Removing latex paint-how?


The little canoe I just bought was freshened up by the last owner with a coat of latex paint.
How do I remove it?
The canvas is in good shape underneath the paint.
I am thinking about trying to use heat.

I would not use heat as that may soften everything filler included. Be safe and be prepared to do a lot of sanding.
Have you ever tried denatured alcohol?
How about Goof-off?
Supposedly these remove latex paint. My concern is that they will attack the paint beneath.

I am pretty sure that I can control heat well enough to avoid damaging the filler but also a bit nervous to try it.
I have not forgotten the lesson I learned tarring my first good pair of racing skis! I managed to get some pretty good char. Good for Salmon Skin Rolls, but not for lignostone.....
Denatured alcohol should not remove old dry oil base paint. You would have to rub really hard. I do not know what it will do to latex. I have not found Goof Off to be as strong as they claim it is. Others may have more information about that stuff. Is it peeling any where? Sometimes if it is starting to peel you can just keep working it off.
I doubt you will find any solvent that's going to wash latex off without being strong enough to attack what's under it. Alcohol and stuff like Goo Gone may make the surface tacky, but that's probably about all, and you would be there for decades rubbing it. The problem is that in order to wash off dried paint, you have to replace the solvent, moisture or whatever was originally in it to make it soft or liquid. Dried paint doesn't suck up solvents anywhere near fast enough to do this. It takes strong chemicals, like those in stripper, which really attack and liquify the old finish - and will most likely also go after your filler.

I don't think there is much you can do other than abrade it off (sand, scrape or whatever else you've got). I suspect that a good cabinet scraper may be the fastest, most controllable tool to get the latex off without tearing up what's under it.
If the scraper doesn't work, if this is traditional filler, some gently applied stripper may not do too much harm.

Correct me if I'm "mis-remembering" but I remember an old canoe repair article that discussed re-attaching a good canvas. It suggested softening the canvas with some stipper to make the job easier.

You might try a small test, brush a little bix over a small area, scrub/scrape it off before it bites into the filler. From having to remove multiple layers of paint in the past, I suspect that the fresh latex will bubble up quicker than the ancient enamel.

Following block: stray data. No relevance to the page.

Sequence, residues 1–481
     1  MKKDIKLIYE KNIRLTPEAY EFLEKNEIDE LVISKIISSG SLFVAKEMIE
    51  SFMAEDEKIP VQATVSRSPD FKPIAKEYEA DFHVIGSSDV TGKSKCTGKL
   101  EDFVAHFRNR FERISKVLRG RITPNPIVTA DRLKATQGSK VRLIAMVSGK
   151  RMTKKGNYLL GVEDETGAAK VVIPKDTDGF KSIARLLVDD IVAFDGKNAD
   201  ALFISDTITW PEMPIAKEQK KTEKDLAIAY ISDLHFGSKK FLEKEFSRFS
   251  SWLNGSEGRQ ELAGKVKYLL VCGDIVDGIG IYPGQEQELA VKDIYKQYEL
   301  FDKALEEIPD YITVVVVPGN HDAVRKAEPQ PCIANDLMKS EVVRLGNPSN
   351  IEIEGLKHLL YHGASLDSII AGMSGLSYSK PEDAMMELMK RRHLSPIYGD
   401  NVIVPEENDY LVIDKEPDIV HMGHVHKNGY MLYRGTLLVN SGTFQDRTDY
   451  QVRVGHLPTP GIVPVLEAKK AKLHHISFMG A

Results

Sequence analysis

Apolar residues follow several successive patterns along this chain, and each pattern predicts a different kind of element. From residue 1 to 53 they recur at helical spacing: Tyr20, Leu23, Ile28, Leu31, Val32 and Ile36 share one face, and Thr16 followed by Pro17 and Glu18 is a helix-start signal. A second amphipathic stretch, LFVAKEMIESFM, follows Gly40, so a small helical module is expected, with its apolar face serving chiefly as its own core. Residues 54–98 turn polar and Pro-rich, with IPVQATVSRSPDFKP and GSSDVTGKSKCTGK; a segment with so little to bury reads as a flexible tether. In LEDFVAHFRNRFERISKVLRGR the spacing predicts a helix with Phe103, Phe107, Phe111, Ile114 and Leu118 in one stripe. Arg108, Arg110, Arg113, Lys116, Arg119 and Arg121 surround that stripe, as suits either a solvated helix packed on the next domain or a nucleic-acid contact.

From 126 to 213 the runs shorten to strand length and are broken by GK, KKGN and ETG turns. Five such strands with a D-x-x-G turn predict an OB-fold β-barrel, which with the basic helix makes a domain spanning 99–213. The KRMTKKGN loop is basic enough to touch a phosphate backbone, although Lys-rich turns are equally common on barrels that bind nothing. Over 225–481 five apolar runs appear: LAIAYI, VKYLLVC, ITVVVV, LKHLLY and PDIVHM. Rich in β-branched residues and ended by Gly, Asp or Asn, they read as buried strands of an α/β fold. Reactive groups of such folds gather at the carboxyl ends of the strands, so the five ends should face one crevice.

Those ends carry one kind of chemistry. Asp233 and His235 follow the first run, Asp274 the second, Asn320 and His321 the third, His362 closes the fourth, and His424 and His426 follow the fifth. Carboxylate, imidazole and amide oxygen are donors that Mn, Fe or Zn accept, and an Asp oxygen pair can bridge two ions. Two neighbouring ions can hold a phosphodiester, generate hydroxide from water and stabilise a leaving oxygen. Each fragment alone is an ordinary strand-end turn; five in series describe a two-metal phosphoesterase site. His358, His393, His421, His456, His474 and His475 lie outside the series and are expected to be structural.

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Zutefisk is on the right track, if it is only a single coat of latex (and hopefully cheap latex at that) using a product like zip strip over small areas will bubble latex off in an instant. You have to follow-up right away to remove the stripper or it will attack the filler below. Test first, work really small.

If the paint is fairly fresh, hot water to soften the paint followed with straight household ammonia will help remove the paint, but I have no idea how it will affect what lies beneath.

Another thought is to find a really, really good tape and apply it to the paint then pull it off and see if it takes the paint with it. You might try a technique that was once used to make frosted glass:
melt up a pot of gelatin add a hardener (some type of mild acid you need to google this) and take a strip of cloth soaked in the gelatin and apply it to the paint, let it dry/harden and then peel it off. The gelatin should take the paint with it.

This will take some research as to how to mix it, I'm only mentioning it as food for thought.

Then again, there is this stuff I read about called sandpaper...:D
Lot's of good suggestions with the proviso that I am not keen on sanding and certainly not sanding latex.
I'll try a few different things and see what works.
I believe that the paint is pretty new. After all, the boat needed to be prettied up to sell, right? I am also hoping that it is pretty cheap paint. I half suspect that a few hours of paddling might loosen up some blisters that I can then peel away at. Who knows? Anyway, I am sure that one of these methods will work. I'll post back once I have figured it out.
In the meantime I will use it as is and see if the paint loosens up. This is going to be (another) winter project.